The Baker Exegetical Commentary on the New Testament (BECNT), one of today’s most respected sources for New Testament exegetical studies, equips you to know the gospel better. Praised for its thoughtful scholarship for studying pastors and its readability for inquiring lay people, the BECNT is a standard exegetical commentary for any Bible-study library. Included in this set is David E. Garland’s 1 Corinthians, which was honored in 2004 with Christianity Today’s Award of Merit for Biblical Studies.
Along with its reputation as an approachable study for both pastors and lay people, the Baker Exegetical Commentary on the New Testament upholds a strong respect for biblical truth in its scholarly approach. The BECNT includes the work of a wide variety of scholars from differing theological persuasions, offering a diverse bank of scholarly knowledge, while maintaining its allegiance to biblical truth. By investigating a variety of viewpoints while maintaining a firm grasp on the truth, the BECNT gives you an authoritative view of each study passage.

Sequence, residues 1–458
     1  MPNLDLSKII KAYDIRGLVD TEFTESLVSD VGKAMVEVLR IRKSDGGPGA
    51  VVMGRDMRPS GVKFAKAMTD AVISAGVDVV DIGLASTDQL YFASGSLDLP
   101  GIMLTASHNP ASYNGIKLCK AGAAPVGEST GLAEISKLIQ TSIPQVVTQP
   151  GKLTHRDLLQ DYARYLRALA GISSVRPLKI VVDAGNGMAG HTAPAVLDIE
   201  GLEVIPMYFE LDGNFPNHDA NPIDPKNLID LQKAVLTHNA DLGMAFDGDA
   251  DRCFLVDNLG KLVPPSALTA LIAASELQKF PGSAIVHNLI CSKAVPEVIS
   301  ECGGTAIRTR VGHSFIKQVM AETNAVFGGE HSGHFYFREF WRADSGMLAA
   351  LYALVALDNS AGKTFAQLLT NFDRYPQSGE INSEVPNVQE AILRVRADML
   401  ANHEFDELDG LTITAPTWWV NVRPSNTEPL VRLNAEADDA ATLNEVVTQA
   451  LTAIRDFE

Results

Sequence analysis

One of the BECNT’s best features is that it allows you to study New Testament Greek texts. Each volume contains the original Greek words as well as, right after them, the corresponding transliterated and translated phrases, allowing you to understand pronunciation and definitions quickly without sacrificing readability, even if you have little or no Greek experience. The BECNT opens up the New Testament, allowing you to understand language and context and, therefore, develop a deeper, more accurate study routine. The Greek translations are the original work of each author.
In this age of unprecedented proliferation of biblical commentary series, it is an outstanding accomplishment for the Baker Exegetical series consistently to have produced what, with only rare exceptions, have become the best available commentaries on the Greek text of the New Testament book or books treated.
—Craig Blomberg, Denver Journal
This series has set a new standard in reader-friendliness with its attractive presentation that combines detailed exegetical comment on the Greek text with accessibility for those who have little or no knowledge of the original language of the New Testament.
—I. Howard Marshall, emeritus professor of New Testament exegesis, University of Aberdeen